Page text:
0
  • I'm assigning priority to each test method in a specific class under my automation project.
  • My senior reviewed the script I wrote and mentioned to me that do not use priority instead use the xml to order the execution of the methods.
  • I wanted to know if using priority for each method is a good approach or not.
  • I had an issue before regarding the order in which the methods were getting executed. That's why i started using the priority technique.
  • If someone has suggestions please help me to understand it. I'm new to programming language and automation

closed as primarily opinion-based by IAmMilinPatel, Kate Paulk, Tarun, Bruce McLeod Jun 16 '16 at 1:19

Many good questions generate some degree of opinion based on expert experience, but answers to this question will tend to be almost entirely based on opinions, rather than facts, references, or specific expertise. If this question can be reworded to fit the rules in the help center, please edit the question.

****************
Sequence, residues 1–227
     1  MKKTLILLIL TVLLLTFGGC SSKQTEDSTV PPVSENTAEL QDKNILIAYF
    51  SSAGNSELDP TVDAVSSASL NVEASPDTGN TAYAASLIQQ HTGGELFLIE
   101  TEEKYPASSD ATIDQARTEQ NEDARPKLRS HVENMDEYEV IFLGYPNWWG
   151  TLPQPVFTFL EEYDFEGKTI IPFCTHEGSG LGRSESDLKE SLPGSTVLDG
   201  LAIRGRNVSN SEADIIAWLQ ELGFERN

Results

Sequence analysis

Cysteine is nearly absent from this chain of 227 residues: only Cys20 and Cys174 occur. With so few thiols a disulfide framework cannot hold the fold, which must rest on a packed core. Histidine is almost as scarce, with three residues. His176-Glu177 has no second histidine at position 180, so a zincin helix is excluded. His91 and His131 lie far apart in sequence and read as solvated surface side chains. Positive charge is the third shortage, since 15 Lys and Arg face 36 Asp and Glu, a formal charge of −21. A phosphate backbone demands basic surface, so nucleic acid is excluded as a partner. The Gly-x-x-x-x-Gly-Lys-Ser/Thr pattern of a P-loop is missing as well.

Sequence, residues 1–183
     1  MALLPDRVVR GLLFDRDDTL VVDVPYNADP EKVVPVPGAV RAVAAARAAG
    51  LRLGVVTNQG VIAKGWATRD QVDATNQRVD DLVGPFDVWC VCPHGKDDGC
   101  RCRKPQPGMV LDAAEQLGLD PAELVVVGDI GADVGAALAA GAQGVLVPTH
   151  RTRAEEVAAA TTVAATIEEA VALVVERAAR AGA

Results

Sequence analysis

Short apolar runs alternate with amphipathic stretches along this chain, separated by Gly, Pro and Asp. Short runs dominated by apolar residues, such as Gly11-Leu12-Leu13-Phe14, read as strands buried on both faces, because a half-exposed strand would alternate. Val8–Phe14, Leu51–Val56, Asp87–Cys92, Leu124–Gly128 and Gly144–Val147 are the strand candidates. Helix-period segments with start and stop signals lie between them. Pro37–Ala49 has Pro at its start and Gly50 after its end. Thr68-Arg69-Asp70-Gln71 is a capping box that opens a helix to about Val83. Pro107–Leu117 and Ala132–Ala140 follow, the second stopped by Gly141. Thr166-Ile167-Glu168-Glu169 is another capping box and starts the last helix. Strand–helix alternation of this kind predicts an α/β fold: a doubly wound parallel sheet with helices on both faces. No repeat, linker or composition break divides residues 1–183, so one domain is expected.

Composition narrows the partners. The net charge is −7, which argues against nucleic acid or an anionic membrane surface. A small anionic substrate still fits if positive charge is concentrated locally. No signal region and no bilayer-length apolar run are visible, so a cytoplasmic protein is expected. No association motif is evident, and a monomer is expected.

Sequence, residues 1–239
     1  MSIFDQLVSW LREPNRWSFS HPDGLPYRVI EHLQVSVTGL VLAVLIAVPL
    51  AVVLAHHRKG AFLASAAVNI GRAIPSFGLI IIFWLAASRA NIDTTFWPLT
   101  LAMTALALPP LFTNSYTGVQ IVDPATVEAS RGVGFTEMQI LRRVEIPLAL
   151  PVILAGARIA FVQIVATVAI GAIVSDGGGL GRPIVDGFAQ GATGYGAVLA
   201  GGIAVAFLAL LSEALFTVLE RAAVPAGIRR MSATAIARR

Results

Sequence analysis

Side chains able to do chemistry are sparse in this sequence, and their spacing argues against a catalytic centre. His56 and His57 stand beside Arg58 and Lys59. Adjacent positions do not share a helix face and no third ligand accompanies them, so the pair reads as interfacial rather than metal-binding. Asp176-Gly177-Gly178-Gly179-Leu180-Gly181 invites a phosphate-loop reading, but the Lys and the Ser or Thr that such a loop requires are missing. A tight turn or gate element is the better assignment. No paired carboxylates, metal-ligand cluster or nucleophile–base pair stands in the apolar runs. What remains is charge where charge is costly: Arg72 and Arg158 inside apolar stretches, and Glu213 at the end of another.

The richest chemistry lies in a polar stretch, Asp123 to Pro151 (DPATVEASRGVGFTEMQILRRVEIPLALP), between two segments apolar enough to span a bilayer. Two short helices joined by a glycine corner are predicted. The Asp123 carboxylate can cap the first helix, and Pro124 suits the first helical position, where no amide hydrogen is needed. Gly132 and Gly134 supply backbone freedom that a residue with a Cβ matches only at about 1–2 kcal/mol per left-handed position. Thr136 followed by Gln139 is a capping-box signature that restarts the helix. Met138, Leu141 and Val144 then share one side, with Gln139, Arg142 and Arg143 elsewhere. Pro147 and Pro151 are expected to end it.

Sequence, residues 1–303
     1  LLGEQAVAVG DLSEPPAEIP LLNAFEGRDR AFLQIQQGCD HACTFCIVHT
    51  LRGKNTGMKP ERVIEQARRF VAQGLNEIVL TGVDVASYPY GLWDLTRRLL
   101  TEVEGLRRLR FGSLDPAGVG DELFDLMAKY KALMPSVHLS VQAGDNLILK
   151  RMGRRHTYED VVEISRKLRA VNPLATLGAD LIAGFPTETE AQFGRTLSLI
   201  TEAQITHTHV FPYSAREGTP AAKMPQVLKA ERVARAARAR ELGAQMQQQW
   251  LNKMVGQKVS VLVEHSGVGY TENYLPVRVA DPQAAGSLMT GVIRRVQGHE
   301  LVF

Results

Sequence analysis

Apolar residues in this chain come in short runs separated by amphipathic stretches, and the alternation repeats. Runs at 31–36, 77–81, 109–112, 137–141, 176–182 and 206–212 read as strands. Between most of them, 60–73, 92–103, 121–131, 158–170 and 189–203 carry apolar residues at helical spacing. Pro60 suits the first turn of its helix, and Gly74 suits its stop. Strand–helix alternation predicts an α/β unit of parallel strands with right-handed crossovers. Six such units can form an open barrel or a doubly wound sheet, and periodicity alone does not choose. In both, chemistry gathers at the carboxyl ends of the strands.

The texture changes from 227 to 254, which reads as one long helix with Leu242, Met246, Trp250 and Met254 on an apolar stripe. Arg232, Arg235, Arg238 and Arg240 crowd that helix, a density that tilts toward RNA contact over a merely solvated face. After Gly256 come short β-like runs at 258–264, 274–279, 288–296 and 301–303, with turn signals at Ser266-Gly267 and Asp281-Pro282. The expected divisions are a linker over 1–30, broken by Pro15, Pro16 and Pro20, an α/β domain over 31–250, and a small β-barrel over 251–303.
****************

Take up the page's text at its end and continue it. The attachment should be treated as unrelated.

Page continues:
2

Using priority to drive order of execution is perfectly fine, but question is why do you want to execute test cases in certain order? As a general rule test case should be atomic and should not be dependent on another test cases. In such case do you worry about order of execution. I rather don't pay much attention to order of execution unless its an explicit requirement. e.g. If my login test case fails then I don't want to execute rest of test cases in suite as those will likely fail. In such a situation, I would use hard dependency to drive.

@Test 

public void serverStartedOk() {} 

@Test(dependsOnMethods = { "serverStartedOk" }) 

public void method1() {} 

You can also have methods that depend on entire groups:

@Test(groups = { "init" }) 
public void serverStartedOk() {} 
@Test(groups = { "init" }) 

public void initEnvironment() {} 
@Test(dependsOnGroups = { "init.*" }) 

public void method1() {} 

You can also use soft dependency to drive execution order. By "alwaysRun=true" in your @Test annotation.

Know more at TestNG site.

Not the answer you're looking for? Browse other questions tagged or ask your own question.